After two positive trading days, coffee futures pulled back. The trade has now entered an area that will be key over the next few sessions
December coffee futures have entered some consolidation. After the lows made in August and September, the futures contract tried to trade above 104.00 but that couldn’t hold.
Gold market futures large speculators increased their positions to nearly 4:1 on the long side by adding 120k new long positions.
The coffee market offers a very attractive risk-adjusted return from the long side given a very compelling set of bullish long-term indicators and patterns. Currently, there is an extremely speculative short position as a percentage of open interest in coffee as measured by the Commodity Futures Trading Commission’s Commitments of Traders data.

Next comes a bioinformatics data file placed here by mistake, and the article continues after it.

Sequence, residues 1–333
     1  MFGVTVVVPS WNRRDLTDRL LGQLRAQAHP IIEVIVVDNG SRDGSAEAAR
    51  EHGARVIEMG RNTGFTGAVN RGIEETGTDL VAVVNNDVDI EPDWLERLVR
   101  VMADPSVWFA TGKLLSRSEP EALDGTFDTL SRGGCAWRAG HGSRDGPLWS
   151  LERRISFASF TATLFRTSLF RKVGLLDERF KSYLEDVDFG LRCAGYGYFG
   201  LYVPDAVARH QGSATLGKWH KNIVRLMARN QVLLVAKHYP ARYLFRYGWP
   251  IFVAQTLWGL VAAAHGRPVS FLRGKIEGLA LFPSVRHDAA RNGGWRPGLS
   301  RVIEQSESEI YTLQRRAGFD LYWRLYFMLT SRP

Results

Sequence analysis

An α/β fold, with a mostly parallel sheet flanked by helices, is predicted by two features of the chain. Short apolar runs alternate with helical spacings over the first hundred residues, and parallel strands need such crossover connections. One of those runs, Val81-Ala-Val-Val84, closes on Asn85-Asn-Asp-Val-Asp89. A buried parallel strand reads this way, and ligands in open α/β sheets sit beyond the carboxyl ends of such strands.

A look at long-term trends of commercial interest in the CFTC’s “Commitments of Traders” report.
With Brazilian “Flowering” season wrapping up, the coffee market braces for record production.
Crude oil and coffee set commercial trader net position records in November. WTI crude oil set records in both net and total position sizes. The WTI market has remained under $60 per barrel since November of 2015. May of 2016 saw the Baker Hughes rig count bottom at 318. There were nearly 1,500 rigs up and running in Q4 of 2015 when oil prices began falling precipitously. Currently, about 750 rigs are operating. This metric has been steady since early May of 2017.
Cotton was higher as the buyers appeared once again to cover short cash market positions. Trends remain up and the tone of the market remains positive.
Cotton was a little lower on some follow-through selling in response to the USDA reports released on Friday that showed ample production and supplies for the U.S.
Cotton was sharply higher to limit up in response to a week of very strong export sales and reports of increased mil buying that appeared after prices held support areas on the charts.